That’s right, another Square Enix game. In their on-going quest to release a game whose title includes every possible number combination besides 3, they released Kingdom Hearts 2.8 Final Chapter Prologue. Much like the other releases whose titles feature a decimal, it includes a re-mastered version of a previous game and a movie version of another game. In this case that would be Dream Drop Distance and Kingdom Hearts x Back Cover respectively. The game also features a brand new segment titled Birth by Sleep – A Fragmentary Passage. I’ll offer a quick overview of all three here, but for the sake of keeping this readable I’ll be assuming you’re familiar with the franchise. If you’re not, I highly recommend picking up Kingdom Hearts 1.5 and starting there. Fair warning, some light spoilers ahead.
I don’t know how much I need to say about Dream Drop Distance, since it’s technically been out for a while and this isn’t a throw-back article, but here goes. This game is placed immediately after KH 2 in the timeline and follows Sora and Riku as they take the mark of mastery exam to determine whether or not they are worthy of being called keyblade masters. Much like all of the other games you go from world to world, helping people out and unlocking keyholes. Unlike other games that featured multiple characters, you don’t play Sora’s story then pick up Riku’s. You’ll actively swap back and forth between them, playing both stories at once. Every time you switch you’ll have a limited amount of time before you’re kicked back over to the other character no matter what you’re doing at the time. DDD also adds a unique movement system called flowmotion which lets you pull ninja gaiden like stunts, jumping off walls and dropping down on your enemies. All in all a pretty fun game and it does continue the story from where KH 2 left off, so if you don’t want any missing pieces in the lore it’s definitely worth a play through.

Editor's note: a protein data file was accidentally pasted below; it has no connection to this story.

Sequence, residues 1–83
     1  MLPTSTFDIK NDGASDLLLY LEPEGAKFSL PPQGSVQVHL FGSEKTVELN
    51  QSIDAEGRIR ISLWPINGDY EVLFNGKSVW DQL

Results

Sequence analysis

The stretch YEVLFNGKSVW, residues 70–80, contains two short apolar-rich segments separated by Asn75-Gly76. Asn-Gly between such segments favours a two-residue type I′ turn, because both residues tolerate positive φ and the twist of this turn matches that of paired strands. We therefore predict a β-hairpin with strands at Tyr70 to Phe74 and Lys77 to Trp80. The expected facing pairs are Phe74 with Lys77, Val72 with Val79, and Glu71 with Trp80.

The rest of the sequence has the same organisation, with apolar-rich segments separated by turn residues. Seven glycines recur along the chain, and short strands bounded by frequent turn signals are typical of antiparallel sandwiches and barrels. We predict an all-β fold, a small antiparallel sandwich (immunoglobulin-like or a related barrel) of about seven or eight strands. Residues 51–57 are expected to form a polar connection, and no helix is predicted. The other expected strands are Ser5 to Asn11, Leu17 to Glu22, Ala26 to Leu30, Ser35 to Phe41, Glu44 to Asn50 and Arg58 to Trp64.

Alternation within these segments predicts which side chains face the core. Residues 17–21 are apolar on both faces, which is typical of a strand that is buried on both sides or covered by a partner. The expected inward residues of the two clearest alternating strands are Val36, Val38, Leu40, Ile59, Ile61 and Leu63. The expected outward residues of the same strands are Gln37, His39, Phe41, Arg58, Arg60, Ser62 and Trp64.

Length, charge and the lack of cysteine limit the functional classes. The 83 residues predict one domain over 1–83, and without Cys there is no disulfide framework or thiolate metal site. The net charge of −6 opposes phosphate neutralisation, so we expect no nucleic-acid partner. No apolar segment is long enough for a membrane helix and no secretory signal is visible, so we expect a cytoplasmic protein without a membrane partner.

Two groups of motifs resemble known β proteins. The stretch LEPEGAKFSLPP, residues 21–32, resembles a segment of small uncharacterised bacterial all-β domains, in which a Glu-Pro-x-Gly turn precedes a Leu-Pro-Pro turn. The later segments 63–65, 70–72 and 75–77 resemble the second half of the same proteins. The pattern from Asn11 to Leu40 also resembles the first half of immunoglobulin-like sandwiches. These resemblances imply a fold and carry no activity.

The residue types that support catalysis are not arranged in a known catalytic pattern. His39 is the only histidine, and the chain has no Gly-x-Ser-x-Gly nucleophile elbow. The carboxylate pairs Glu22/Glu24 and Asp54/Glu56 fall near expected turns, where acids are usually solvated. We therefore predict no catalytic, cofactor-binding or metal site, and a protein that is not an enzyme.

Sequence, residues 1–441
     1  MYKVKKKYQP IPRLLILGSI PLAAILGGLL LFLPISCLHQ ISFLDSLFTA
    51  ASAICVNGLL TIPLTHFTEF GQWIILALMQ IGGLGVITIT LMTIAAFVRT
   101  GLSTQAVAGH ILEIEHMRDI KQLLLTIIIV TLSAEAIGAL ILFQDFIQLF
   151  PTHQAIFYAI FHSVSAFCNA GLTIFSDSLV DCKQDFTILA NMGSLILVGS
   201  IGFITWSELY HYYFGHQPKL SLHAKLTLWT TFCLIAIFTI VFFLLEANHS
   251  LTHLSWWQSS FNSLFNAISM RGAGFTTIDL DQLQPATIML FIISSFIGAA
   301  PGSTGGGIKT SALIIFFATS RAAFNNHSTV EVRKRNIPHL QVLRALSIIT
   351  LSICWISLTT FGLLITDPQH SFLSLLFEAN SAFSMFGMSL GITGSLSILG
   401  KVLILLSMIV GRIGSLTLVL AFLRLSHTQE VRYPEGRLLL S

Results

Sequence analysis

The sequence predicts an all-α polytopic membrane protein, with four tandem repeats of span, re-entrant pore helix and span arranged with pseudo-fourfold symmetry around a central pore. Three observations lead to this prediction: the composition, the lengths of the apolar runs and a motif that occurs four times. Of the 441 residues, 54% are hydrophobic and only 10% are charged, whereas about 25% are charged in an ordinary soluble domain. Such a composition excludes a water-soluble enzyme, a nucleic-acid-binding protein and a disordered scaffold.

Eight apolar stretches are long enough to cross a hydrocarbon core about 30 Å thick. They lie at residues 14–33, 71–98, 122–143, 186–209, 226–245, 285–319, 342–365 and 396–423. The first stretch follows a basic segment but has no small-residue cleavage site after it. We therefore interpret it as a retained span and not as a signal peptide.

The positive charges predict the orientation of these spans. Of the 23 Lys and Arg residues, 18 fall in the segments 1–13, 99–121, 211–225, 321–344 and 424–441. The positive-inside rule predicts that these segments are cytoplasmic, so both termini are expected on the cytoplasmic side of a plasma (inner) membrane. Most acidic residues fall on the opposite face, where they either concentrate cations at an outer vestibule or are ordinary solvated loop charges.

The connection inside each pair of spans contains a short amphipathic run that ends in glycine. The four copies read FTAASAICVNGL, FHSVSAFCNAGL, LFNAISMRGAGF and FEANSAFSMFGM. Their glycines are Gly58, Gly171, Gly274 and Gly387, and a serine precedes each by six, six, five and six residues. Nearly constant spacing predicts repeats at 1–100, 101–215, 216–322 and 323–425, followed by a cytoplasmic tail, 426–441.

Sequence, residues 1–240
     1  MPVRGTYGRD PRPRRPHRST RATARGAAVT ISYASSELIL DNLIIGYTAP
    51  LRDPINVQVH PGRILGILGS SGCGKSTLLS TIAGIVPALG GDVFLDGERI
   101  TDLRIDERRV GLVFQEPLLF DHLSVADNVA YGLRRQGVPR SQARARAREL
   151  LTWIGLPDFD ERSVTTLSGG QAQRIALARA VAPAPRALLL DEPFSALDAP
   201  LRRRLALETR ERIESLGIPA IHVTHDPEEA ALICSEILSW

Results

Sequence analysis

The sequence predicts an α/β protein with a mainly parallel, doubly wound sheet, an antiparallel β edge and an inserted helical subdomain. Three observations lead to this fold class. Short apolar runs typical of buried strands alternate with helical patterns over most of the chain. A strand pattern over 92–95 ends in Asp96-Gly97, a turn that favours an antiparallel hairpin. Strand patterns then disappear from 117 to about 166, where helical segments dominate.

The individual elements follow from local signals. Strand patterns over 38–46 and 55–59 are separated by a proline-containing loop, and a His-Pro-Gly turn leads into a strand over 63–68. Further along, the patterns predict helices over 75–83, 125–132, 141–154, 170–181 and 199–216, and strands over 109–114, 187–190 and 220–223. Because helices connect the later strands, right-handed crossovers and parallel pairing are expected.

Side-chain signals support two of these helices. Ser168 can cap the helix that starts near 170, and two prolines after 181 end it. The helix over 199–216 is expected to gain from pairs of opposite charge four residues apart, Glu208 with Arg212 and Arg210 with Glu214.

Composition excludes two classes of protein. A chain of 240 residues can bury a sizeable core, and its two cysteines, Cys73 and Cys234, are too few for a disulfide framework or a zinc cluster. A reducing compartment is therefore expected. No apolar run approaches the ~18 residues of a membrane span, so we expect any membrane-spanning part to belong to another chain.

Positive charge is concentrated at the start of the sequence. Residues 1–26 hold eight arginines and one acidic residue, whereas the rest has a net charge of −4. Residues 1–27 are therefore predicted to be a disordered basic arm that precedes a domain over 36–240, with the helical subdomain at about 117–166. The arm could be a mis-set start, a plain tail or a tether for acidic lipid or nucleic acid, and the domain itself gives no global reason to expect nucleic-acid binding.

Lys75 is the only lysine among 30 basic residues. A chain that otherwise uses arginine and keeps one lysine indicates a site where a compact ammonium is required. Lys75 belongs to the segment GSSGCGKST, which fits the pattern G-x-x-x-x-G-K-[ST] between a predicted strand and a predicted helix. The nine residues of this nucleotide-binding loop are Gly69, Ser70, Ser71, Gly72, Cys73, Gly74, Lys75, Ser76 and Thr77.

Kingdom Hearts x Back Cover is based on the phone game Kingdom Hearts Unchained and isn’t really a game so much as a mini-movie. The events shown here are all back story, taking place before the original key blade war and provides insight into why there was a war in the first place. Again, worth watching and actually entertaining. The dialogue is actually pretty good, as well as highly entertaining in the case of the character referred to only as The Master. I will say it leaves about as many questions open as it answers, since it doesn’t tell the entire story and cuts off as things begin to get tense.
The main attraction to this latest Not-Quite-3 title though was 0.2 Birth By Sleep, A Fragmentary Passage. This picks up after the events of Birth by Sleep, which tells the story of Aqua, Terra and Ventus and follows Aqua’s journey through the realm of darkness after the events of that game. Aside from providing some information on what she was up to around the time of KH1, Fragmentary Passage features the Unreal Engine 4 that KH3 is being built on and showcases vastly improved graphics and gameplay. Again, if you’re really into the lore of the series this is an interesting addition to the game and advances the plot directly towards the third game in the opening and ending cut scenes. It’s also a lot of fun to play as Aqua again, who comes fully equipped and skilled out at level 50.
All in all, 2.8 is definitely worth adding to your collection if you’re a fan of the series and want to get ready for KH3 when it finally releases. For all of my frustration over 3 not being out yet, it is cool that Square Enix is re-releasing all of the games it had originally made for handheld so that more people could experience the other pieces of the story. And if the trailers and 0.2 Birth by Sleep are anything to go by, 3 is going to be awesome.